Your Agent Should Not Be Your Publisher

This post, by Peter Cox, originally appeared on his Redhammer blog on 6/8/11.

A major debate is going on in publishing circles at the moment, and you need to know about it.

Frequently, these things are a storm in a teacup.  What excites publishing folk often leaves the rest of the world… a bit limp.  “Inside Publishing” isn’t always as exciting as… watching leafcutter ants.

This time it’s different.

This issue is enormous.  Because it will affect every book deal, every publication contract, from now until the end of time.

It affects every author who has an agent, or who would ever like an agent.  It goes to the heart of what being an agent is all about.

In a nutshell, this is the question:

Should your agent also be your publisher?

In recent weeks, there have been a spate of agents who have cut deals on behalf of their clients with… themselves.  One such involved the agent to the estate of the late author Catherine Cookson.  According  to the Daily Mail, the literary agent didn’t even inform the author’s publishers, Transworld and Simon & Schuster, that she’d done a deal – with herself – to digitally publish 100 of the author’s titles.  “I haven’t told either firm about the deal”, she said, “and I am sure they are going to kick up a fuss about it”. [Click on image at right to read the full story]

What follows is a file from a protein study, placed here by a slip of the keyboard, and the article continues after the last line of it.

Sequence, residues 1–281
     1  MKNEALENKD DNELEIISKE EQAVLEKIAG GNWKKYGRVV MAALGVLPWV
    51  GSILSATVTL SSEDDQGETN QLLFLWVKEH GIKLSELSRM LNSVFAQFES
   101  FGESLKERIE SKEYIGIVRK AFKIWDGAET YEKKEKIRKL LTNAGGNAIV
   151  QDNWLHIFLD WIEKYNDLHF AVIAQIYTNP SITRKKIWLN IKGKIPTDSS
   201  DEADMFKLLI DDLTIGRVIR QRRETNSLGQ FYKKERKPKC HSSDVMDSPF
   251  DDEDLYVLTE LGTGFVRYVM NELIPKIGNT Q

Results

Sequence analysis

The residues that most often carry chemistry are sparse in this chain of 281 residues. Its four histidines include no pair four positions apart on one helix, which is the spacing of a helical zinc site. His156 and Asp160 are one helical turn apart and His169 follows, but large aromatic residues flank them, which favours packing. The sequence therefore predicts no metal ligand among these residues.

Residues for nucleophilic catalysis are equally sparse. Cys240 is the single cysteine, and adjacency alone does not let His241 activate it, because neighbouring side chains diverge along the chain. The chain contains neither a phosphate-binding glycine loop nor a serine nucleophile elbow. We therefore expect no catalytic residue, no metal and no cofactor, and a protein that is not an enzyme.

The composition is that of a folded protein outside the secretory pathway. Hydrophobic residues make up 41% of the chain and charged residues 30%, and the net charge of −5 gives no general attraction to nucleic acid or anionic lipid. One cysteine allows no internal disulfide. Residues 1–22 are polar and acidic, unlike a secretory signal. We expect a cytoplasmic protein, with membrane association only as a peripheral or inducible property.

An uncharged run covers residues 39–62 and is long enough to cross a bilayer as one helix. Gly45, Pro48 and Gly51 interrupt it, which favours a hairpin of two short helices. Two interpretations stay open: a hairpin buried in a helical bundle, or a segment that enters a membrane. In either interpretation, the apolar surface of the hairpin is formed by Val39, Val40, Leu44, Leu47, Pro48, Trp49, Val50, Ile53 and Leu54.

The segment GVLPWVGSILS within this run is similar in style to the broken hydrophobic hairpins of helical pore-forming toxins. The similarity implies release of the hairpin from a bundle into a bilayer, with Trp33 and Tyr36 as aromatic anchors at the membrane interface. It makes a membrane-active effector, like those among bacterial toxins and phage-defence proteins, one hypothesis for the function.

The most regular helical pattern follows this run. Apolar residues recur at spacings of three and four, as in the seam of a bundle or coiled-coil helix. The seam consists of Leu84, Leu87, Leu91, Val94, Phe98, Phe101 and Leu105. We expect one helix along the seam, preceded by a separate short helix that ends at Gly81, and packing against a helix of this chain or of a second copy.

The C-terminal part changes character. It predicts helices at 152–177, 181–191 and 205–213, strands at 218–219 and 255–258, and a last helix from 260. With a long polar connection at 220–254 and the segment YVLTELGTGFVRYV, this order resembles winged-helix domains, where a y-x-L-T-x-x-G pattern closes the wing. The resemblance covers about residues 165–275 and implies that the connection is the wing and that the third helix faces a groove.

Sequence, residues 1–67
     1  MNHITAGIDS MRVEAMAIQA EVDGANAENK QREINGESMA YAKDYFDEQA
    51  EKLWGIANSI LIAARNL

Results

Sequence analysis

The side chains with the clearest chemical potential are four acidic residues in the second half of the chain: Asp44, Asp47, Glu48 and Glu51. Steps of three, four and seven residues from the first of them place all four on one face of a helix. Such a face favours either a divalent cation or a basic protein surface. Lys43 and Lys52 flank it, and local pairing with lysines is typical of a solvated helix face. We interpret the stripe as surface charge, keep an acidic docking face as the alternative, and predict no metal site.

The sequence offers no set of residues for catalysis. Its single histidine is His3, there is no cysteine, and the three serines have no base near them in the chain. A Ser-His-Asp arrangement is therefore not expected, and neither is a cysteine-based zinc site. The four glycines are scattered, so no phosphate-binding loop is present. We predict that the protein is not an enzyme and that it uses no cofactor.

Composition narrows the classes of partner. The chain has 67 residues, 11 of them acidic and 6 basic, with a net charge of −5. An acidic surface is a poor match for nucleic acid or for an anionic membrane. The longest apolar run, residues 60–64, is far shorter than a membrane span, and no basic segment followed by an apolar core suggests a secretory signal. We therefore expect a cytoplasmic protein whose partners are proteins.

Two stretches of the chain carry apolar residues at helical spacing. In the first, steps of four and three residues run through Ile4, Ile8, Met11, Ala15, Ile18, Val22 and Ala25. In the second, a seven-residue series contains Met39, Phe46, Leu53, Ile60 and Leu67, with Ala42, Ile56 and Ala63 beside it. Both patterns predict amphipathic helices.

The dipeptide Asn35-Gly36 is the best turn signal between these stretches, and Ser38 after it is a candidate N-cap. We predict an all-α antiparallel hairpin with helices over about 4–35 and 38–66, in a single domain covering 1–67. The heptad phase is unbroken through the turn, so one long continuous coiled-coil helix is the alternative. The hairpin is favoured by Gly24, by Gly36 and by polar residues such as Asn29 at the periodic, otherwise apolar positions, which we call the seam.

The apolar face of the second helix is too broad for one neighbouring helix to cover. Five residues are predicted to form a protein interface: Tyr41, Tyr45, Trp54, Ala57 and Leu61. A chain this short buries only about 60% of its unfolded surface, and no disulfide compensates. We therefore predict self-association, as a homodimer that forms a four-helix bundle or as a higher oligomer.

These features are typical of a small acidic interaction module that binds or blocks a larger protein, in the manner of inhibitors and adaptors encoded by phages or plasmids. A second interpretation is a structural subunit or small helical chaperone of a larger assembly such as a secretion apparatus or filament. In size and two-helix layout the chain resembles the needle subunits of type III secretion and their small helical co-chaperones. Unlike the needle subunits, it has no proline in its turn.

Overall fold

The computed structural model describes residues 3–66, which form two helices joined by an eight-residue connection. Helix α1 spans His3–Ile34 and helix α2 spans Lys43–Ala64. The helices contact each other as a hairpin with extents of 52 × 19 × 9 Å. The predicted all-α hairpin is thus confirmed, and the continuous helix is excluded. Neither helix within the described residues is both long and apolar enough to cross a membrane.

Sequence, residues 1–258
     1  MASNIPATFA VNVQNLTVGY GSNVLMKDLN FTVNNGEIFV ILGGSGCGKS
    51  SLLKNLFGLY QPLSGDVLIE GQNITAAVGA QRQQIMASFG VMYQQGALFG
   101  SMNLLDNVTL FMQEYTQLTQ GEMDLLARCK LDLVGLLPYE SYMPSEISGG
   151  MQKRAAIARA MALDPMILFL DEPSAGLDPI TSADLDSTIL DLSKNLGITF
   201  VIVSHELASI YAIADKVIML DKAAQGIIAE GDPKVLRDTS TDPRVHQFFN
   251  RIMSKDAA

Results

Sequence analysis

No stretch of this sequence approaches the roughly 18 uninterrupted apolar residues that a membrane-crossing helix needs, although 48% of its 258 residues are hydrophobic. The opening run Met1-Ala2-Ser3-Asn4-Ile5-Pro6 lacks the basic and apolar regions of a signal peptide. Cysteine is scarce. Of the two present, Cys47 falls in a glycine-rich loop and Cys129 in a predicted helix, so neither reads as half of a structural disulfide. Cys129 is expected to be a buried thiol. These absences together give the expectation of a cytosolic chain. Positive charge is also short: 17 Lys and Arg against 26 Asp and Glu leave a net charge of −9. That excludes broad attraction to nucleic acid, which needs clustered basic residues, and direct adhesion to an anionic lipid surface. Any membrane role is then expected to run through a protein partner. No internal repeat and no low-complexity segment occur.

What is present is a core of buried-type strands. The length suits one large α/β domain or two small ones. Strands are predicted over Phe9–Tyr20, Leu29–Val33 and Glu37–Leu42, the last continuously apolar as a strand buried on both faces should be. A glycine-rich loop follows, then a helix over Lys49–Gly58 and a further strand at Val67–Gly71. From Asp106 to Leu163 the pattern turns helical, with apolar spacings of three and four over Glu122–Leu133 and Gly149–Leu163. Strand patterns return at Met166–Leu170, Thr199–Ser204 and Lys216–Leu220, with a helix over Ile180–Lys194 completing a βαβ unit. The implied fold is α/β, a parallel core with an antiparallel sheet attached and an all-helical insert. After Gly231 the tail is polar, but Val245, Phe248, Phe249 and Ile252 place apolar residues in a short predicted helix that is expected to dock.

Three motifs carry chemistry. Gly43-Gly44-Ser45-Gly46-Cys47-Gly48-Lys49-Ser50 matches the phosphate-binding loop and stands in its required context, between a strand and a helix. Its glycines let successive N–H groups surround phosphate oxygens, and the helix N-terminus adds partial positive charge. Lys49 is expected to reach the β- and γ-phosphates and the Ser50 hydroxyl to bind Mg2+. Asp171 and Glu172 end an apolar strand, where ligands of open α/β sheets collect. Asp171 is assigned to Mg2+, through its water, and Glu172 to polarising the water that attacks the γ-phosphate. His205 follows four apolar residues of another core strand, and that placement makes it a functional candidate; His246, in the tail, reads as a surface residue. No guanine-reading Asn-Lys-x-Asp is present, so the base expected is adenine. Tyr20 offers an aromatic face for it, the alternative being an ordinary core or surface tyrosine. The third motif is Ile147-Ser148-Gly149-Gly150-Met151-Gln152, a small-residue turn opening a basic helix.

Yes, I bet they will.

As should any author whose agent says to them – come on – let’s cut your print publisher out of the picture… give me those lovely digital publishing rights, and I’ll publish you myself!

No doubt many agents will jump on this particular bandwagon before it overturns.

It’s Not OK To be Your Client’s Publisher

Let me be absolutely candid with you.  Although various excuses have been put forward by agents for doing this – it’s mostly about lining their own pocket.

Not that I’m against agents making money – how could I be?

But this isn’t just about making money. It comes perilously close to what is termed in law “self-dealing“, and it is both ethically wrong and legally very dangerous. In taking this fateful step, those agents who choose to do this are in danger of crossing a line that is legally and ethically of immense significance.

Read the rest of the post on Redhammer.

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